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Can I Contest a Trust in Florida?


Trusts are an essential piece of many Floridian’s estate plans. It is easy to see why – a trust can be an important tool in helping beneficiaries to avoid the notoriously tricky Florida probate process and guardianship courts. While trusts can help to protect important assets, it is not without its rules and complications. This is why engaging with legal professionals is so pivotal to the ultimate success of a Trust.

One of the biggest issues that can arise is when someone wishes to contest a trust. And while, yes, a trust can sometimes be contested, certain criteria must be met in order for the suit to move forward or be successful. Continue reading to learn more about who can contest a trust, when, and the process involved in bringing the legal challenge.

Who Can Contest a Florida Trust?

A person or party can choose to pursue a contest to a trust – but only if that party has “standing.” In order to establish standing, you must be able to demonstrate to the court that you have a direct interest in the trust, a prior trust, the grantor, or the trustee.

The issue of standing is not unique to this area of the law. In order to bring a suit, such as a challenge to a will or trust, the person bringing the lawsuit must show that they have stakes in the issue, stakes in the decision. If anyone could bring a lawsuit pertaining to any issue, the courts would be absolutely overrun with suits being brought by innumerable parties on issues that had nothing to do with them. In order to maintain functionality of the courts, only those persons who are directly affected by the issue at stake can pursue the court’s help in adjudicating the issue. You will have to establish that you have standing in an issue before the court will consider the merits of your suit.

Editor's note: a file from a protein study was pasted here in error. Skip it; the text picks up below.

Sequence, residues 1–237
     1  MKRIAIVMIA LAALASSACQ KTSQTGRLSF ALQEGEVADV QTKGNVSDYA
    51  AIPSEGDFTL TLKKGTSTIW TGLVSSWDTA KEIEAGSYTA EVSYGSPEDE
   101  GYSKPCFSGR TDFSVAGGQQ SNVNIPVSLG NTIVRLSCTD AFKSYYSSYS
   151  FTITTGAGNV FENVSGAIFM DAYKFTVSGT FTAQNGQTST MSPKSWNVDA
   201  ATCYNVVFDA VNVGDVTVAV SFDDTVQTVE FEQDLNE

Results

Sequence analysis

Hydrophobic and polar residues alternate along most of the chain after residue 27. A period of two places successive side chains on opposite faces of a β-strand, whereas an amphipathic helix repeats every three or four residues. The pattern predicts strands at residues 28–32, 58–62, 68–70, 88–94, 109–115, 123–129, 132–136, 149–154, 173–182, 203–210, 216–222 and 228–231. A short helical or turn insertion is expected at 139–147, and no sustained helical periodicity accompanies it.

In a contest of a trust, the most common people or parties to have standing are family members of the grantor, and/or anyone who had been named as a beneficiary in a prior trust. An experienced attorney can help you to analyze the various aspects of your suit and help determine if you are likely to have the requisite standing to contest a trust.

The Process

If you are contesting a Florida trust, a smart first step is engaging with an experienced wills & probate attorney. These issues can be very complicated, and having experienced counsel in your corner can help save you time and avoid the potential of unseen legal issues down the road.

The actual will contest might be handled a number of different ways. For example, the parties might come to an agreement and settle outside of court via a non-judicial settlement agreement. Alternatively, if the parties cannot come to an agreement or refuse to negotiate, you can seek to have your claim adjudicated in court. In a court case, you and your attorney work together to provide the court with documentation and other evidence that supports your contest of the trust. After considering evidence from both sides, the court will rule on the claim. Depending on the court’s findings, court ordered changes to the trust might be ordered.

Contact Suncoast Civil Law

The experienced Sarasota wills & probate lawyers at Suncoast Civil Law understand what is necessary for a successful contest of a trust or last will and testament. There are certain time limitations on bringing will and trust contests – contact our team today to begin discussing the elements of your own case.


By submitting this form I acknowledge that contacting this law firm through this website does not create an attorney-client relationship, and any information I send is not protected by attorney-client privilege.

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